On the heels of yesterday's announcement by the British Phonographic Institute that digital sales have overtaken physical sales comes news from the UK's PRS For Music, Britain's collection society, that digital royalty payments will soon match those from physical sales.
Royalties from the digital sales of U.K. repertoire worldwide will match those from the sales of physical recorded media, including CDs, in the year 2014, predicted PRS for Music, Great Britain's collecting society, during its AGM (annual general meeting) today (May 31).
Chief financial officer Craig Nunn pointed out that the current tough economy, which has seen youth unemployment reach a staggering 22%, had not hurt the organization's income stream.
"But considering that those under 30 (years of age) account for half of all digital sales, that could be damaging. Yet, in 2011, revenues from online grew 42% to £39.1 million ($60.9 million)," he said. Online represented 10% of royalties collected in the domestic market last year, he said.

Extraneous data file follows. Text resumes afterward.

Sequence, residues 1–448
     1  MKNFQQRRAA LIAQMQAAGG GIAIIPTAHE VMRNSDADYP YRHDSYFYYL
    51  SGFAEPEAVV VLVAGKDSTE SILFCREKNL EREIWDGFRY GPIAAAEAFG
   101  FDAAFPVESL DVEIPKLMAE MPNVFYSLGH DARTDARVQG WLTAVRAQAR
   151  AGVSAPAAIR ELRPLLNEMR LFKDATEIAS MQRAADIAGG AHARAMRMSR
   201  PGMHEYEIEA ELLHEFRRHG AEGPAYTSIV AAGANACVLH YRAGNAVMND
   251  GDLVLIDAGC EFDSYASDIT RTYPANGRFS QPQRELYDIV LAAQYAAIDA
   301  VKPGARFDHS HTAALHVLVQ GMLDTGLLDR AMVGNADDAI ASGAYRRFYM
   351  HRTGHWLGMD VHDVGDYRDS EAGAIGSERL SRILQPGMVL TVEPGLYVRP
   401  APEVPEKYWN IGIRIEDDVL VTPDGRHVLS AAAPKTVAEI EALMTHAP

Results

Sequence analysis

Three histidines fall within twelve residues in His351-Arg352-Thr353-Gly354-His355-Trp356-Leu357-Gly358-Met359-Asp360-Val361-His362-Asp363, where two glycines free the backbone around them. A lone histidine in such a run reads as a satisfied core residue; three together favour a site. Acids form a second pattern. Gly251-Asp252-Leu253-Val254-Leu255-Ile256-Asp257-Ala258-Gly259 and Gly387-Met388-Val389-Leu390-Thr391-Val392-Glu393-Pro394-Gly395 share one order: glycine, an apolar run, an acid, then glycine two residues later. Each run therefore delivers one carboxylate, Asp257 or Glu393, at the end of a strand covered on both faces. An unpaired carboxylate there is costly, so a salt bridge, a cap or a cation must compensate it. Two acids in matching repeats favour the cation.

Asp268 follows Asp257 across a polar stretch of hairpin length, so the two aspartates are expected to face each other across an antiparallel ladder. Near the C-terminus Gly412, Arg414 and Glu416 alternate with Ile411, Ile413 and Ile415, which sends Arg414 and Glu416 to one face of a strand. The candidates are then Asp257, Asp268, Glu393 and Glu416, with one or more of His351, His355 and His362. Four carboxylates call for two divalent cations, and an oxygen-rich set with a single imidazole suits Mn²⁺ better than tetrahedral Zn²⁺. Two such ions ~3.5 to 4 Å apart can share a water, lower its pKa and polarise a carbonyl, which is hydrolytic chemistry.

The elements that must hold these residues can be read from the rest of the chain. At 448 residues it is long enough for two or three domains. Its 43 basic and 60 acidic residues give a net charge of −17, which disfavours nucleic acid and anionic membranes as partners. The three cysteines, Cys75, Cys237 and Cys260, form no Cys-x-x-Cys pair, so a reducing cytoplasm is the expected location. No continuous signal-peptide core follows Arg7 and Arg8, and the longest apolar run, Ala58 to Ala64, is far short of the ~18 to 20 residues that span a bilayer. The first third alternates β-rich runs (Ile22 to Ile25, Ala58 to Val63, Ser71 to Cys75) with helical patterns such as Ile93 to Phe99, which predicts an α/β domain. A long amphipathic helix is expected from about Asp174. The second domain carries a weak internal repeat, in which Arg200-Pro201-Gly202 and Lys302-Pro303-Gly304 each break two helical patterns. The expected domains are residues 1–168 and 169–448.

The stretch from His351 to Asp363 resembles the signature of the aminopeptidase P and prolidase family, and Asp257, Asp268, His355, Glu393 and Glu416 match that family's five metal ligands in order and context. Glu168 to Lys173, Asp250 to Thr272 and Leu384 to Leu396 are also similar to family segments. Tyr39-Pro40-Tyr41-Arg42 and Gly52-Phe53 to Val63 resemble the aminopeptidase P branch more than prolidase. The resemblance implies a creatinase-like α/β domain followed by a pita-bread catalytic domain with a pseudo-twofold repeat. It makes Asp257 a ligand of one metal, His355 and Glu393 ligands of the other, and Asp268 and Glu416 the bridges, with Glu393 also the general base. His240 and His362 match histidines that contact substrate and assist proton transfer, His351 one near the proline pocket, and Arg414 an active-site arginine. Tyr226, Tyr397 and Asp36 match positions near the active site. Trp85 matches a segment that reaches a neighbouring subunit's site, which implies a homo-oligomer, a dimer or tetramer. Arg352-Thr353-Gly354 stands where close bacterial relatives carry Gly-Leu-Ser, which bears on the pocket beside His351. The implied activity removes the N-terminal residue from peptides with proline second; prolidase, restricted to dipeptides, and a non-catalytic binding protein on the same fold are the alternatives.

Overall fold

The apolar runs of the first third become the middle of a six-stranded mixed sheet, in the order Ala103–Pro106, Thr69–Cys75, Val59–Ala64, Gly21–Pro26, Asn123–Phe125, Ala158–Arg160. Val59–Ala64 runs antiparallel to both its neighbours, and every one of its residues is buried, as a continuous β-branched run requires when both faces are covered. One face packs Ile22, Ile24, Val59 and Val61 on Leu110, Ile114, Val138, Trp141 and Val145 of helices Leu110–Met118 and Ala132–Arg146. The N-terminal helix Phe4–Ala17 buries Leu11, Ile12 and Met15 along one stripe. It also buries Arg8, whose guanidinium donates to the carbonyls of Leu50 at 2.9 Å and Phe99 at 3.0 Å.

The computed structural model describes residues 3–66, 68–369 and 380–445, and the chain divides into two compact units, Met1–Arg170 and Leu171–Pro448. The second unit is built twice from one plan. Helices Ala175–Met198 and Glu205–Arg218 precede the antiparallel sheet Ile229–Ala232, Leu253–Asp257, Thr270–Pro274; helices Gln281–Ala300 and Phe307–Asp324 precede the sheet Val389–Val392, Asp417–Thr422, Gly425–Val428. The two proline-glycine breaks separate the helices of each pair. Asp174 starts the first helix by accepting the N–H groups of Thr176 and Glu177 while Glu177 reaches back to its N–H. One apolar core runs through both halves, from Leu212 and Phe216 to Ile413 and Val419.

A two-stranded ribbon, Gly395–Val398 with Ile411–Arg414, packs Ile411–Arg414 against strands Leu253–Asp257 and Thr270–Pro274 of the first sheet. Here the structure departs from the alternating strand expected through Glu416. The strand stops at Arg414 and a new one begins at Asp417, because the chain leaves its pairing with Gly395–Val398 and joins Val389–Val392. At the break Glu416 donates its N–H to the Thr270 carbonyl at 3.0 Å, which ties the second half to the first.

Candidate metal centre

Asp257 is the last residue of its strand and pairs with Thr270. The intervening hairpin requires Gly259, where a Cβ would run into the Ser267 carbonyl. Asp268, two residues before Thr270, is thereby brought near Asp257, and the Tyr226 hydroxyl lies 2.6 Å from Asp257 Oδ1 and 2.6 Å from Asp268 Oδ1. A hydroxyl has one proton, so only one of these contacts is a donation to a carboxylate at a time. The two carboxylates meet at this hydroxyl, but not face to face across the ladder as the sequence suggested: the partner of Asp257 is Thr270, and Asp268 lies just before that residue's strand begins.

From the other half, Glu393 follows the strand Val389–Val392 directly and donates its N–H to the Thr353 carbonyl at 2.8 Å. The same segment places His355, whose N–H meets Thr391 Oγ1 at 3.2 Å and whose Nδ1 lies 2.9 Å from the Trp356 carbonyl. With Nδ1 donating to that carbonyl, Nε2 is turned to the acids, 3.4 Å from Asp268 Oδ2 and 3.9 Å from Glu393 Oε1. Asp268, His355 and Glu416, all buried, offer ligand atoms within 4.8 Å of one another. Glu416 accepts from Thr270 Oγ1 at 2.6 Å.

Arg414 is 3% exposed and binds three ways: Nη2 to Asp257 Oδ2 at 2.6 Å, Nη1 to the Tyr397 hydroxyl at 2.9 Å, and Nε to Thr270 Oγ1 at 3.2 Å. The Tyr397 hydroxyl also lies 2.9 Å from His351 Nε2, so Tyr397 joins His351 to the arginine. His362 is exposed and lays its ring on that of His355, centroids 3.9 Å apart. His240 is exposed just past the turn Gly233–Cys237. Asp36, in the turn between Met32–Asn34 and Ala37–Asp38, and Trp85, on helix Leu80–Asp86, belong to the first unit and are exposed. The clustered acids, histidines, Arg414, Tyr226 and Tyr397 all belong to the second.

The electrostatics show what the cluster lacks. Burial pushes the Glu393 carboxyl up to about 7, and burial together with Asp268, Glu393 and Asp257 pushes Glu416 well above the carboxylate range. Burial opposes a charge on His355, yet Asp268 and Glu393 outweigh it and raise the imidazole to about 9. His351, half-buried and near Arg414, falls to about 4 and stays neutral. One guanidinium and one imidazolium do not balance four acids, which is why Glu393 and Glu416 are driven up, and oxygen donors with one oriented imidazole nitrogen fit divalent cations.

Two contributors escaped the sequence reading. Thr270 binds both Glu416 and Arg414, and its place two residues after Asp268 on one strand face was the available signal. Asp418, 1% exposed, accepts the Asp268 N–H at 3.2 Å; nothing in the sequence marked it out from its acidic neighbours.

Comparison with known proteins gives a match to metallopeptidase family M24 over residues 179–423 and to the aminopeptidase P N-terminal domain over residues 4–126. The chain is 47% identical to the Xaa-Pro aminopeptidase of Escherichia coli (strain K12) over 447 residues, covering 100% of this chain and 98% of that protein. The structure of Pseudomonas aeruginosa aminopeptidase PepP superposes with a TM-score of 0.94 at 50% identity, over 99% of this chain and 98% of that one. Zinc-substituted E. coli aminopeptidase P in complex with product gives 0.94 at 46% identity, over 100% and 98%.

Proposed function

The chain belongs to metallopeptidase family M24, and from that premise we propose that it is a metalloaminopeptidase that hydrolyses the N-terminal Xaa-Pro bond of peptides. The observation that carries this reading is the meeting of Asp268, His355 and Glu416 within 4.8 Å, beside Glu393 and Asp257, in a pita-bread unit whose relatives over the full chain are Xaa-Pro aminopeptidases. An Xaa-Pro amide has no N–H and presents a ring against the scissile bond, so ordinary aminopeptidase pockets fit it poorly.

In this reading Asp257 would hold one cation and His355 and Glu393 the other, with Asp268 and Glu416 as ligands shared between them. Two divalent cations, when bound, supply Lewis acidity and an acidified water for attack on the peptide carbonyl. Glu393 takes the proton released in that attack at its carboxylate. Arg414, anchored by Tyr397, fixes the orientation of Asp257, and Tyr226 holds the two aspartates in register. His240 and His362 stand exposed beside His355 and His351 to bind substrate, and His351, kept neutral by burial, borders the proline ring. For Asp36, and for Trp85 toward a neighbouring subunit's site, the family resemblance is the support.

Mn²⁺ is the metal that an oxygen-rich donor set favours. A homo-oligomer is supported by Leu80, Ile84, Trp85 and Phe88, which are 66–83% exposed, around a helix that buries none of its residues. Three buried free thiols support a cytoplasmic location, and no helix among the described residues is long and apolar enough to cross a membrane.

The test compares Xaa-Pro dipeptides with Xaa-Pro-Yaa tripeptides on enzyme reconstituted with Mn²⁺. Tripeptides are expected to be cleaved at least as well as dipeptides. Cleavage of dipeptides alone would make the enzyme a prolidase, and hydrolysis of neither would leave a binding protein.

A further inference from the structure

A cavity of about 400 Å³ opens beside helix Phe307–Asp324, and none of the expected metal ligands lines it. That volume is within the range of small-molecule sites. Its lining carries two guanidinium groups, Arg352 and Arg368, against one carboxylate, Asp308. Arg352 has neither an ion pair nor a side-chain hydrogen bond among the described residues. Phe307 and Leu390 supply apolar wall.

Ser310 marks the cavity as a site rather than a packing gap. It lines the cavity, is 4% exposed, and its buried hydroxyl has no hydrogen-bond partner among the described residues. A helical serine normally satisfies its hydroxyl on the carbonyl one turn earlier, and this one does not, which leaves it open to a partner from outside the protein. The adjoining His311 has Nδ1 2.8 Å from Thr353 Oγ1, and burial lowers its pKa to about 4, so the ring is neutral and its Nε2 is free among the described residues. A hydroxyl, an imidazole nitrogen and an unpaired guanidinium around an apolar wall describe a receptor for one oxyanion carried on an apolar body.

However, as sales of physical recordings decline, digital sales will grow to catch up in two years' time. "By 2014, online royalties will cross over physical recorded media (income) at £70 million ($109 million) apiece," he said.
Royalties from overseas were also healthy for PRS members, Dunn said. The society collected £188 million ($293 million) from 150 countries last year. "We're becoming less and less reliant on the U.K. market," he stated.
The healthy growth of digital sales' share was confirmed by CEO Robert Ashcroft: "Online now represents a larger proportion of royalties than either live music or (performance rights from) pubs and clubs, which is a considerable achievement and one that validates our approach of licensing new (digital) services. So successful have we been that the U.K. represents nearly 50% of the entire European market for legal downloads."
Speaking to an audience of rights owners, Ashcroft added: "With the U.K. market now showing signs of slight decline, we depend on the strength of your repertoire overseas."
The improving overseas performance has been helped by the ICE (International Copyright Enterprise) system, a joint venture with Swedish royalties-collecting organization STIM to make copyright management more efficient.
He also disclosed that GEMA, the German collecting society, is "expected to announce shortly their intention to become a shareholder in ICE."
PRS collected £630.8 million ($982.5 million) last year. Of that, £557.2 million ($868 million) was distributed to its members, a 3.2% increase from 2010.